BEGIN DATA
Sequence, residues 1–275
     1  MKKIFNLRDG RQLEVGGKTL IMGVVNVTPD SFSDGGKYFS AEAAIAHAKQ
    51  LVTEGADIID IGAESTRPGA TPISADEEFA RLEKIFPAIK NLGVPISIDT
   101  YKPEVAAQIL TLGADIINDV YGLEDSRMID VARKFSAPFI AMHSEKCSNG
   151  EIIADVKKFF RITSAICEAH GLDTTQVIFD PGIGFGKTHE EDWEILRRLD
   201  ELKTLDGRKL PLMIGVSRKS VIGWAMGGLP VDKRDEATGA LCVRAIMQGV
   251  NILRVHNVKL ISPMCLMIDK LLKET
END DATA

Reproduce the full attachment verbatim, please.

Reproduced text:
Sequence, residues 1–275
     1  MKKIFNLRDG RQLEVGGKTL IMGVVNVTPD SFSDGGKYFS AEAAIAHAKQ
    51  LVTEGADIID IGAESTRPGA TPISADEEFA RLEKIFPAIK NLGVPISIDT
   101  YKPEVAAQIL TLGADIINDV YGLEDSRMID VARKFSAPFI AMHSEKCSNG
   151  EIIADVKKFF RITSAICEAH GLDTTQVIFD PGIGFGKTHE EDWEILRRLD
   201  ELKTLDGRKL PLMIGVSRKS VIGWAMGGLP VDKRDEATGA LCVRAIMQGV
   251  NILRVHNVKL ISPMCLMIDK LLKET